NewburyportNews.com, Newburyport, MA

Opinion

January 8, 2013

Why we'd prefer a miserable New England winter

This is the usual time of year when we New Englanders gripe about the weather, hunker down during the short days and long nights, and hope for a kinder and warmer winter.

Interesting though, we got that kind of winter last year, and we paid dearly for it last spring and summer.

Everything is a balance in nature, and so we prefer something that might not be very popular. We hope that things will return to those kinds of winters that we locals love to grumble about, if only so that it makes the spring and summer a little more pleasant and New England-like.

Last year was a record-breaker in terms of unseasonably warm weather and scant snow. Winter hardly visited us. Snowfall was well less than a foot, and the temperatures were mild throughout the entire season. It was more like a typical winter in Virginia or North Carolina.

But within weeks of the end of the “winter,” the oddball nature stories started rolling out. In some areas, fruit trees bloomed too early and then got socked by a light frost. Mosquitoes emerged weeks earlier than normal, making for an unusually long mosquito season – and the worst year for mosquito-borne West Nile virus.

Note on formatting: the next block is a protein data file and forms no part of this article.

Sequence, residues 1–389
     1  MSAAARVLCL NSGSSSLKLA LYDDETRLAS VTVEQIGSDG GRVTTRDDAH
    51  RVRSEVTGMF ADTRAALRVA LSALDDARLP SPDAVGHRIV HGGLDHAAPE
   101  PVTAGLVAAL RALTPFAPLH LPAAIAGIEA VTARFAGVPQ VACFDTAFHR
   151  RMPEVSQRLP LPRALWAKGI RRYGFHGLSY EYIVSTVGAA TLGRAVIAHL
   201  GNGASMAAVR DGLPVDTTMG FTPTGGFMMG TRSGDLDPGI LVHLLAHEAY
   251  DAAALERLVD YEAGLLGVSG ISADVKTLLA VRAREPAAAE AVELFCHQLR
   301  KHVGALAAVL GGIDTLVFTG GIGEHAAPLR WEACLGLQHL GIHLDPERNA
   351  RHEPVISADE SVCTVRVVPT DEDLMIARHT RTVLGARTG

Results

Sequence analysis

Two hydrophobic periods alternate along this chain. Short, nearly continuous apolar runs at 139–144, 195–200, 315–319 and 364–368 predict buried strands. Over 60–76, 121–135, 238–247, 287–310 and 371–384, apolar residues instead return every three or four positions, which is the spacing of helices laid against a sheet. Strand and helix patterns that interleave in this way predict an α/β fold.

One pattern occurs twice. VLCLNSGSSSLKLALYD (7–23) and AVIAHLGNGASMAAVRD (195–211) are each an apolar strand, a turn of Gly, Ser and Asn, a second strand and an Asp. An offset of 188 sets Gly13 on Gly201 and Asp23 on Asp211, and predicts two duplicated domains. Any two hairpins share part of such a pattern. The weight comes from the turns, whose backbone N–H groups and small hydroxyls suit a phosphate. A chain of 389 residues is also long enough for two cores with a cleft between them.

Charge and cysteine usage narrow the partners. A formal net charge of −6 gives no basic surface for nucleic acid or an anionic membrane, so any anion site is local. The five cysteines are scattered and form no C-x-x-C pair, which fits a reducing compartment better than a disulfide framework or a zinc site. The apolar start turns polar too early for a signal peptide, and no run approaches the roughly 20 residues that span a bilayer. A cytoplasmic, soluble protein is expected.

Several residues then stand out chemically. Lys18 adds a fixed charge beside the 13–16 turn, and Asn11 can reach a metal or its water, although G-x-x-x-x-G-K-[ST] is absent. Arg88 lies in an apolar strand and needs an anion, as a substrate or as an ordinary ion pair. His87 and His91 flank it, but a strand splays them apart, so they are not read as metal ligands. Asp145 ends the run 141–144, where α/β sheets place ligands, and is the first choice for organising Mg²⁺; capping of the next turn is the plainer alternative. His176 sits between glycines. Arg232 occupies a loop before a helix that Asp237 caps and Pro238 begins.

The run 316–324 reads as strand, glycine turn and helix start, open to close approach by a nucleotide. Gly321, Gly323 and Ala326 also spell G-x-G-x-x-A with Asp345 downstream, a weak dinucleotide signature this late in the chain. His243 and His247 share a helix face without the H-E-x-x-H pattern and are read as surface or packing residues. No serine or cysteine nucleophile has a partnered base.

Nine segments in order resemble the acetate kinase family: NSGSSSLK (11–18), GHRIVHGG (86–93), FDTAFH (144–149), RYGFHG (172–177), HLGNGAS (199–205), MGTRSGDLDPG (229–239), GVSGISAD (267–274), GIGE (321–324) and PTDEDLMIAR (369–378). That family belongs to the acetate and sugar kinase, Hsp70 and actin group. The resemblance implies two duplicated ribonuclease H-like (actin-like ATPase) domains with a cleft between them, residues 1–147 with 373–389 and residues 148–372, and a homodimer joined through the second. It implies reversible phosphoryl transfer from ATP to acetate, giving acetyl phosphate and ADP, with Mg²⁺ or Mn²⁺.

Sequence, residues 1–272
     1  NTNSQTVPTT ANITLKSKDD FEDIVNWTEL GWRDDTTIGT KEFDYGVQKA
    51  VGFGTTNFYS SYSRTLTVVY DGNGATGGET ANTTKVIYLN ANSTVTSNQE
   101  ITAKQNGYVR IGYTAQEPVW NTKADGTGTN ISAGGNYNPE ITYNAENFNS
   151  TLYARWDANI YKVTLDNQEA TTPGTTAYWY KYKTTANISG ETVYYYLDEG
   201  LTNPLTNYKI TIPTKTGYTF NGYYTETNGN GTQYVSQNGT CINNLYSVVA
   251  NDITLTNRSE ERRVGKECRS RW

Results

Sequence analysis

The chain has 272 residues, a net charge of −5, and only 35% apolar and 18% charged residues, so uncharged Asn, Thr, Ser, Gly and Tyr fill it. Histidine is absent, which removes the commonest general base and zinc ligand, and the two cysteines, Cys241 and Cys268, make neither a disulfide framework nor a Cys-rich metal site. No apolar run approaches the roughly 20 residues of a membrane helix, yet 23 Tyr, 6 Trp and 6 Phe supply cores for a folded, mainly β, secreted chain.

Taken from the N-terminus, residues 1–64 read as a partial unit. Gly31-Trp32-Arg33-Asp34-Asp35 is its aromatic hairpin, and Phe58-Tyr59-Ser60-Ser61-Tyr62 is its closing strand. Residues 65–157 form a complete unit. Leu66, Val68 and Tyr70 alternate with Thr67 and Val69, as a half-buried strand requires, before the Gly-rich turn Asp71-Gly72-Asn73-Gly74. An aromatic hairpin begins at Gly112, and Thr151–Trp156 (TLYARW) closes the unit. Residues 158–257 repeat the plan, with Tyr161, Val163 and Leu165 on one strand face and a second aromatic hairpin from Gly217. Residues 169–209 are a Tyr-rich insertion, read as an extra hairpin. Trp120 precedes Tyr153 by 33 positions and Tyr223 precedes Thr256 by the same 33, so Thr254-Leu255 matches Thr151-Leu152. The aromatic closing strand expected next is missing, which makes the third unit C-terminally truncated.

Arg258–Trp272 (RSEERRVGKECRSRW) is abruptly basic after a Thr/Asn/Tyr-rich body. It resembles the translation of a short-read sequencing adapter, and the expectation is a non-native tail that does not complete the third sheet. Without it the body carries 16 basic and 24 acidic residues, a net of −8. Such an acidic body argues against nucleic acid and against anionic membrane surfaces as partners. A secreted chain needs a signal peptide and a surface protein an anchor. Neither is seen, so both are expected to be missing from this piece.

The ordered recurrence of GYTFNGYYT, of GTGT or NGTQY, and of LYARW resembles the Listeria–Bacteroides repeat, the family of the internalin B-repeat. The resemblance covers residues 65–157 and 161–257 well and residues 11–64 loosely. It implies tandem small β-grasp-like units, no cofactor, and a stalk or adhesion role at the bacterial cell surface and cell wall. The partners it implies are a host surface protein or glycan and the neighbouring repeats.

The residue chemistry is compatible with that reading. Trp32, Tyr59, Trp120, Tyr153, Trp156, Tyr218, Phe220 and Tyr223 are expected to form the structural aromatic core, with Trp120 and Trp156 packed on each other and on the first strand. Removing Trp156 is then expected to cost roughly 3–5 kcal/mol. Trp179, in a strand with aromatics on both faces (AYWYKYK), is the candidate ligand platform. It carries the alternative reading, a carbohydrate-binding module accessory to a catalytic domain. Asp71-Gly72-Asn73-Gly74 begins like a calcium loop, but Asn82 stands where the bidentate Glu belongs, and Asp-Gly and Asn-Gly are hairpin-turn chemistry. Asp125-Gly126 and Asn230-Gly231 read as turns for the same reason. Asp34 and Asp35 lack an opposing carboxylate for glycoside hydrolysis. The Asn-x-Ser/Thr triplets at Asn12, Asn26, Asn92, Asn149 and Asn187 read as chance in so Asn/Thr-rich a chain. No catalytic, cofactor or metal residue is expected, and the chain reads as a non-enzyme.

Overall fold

Bugs of all types that normally don’t overwinter very well, survived the winter of 2011-12 quite well, and so there was an unusually fierce infestation of certain types of insects. They plagued those of us who carefully tend our lawns and gardens.

Several veterinarians in the area have also reported that 2012 was a banner year for fleas. Again, the theory was that a mild winter allowed insects to survive the winter in stronger numbers.

More alarming to us, given the growth of Lyme disease, was the impact the mild winter had on the tick population. The disease is spread by deer ticks, but recent research has shown that mice and small mammals play a much more important role in the spread of the disease than deer. The perfect storm of mice, weather and ticks occurred last winter, causing a notable spike in Lyme disease.

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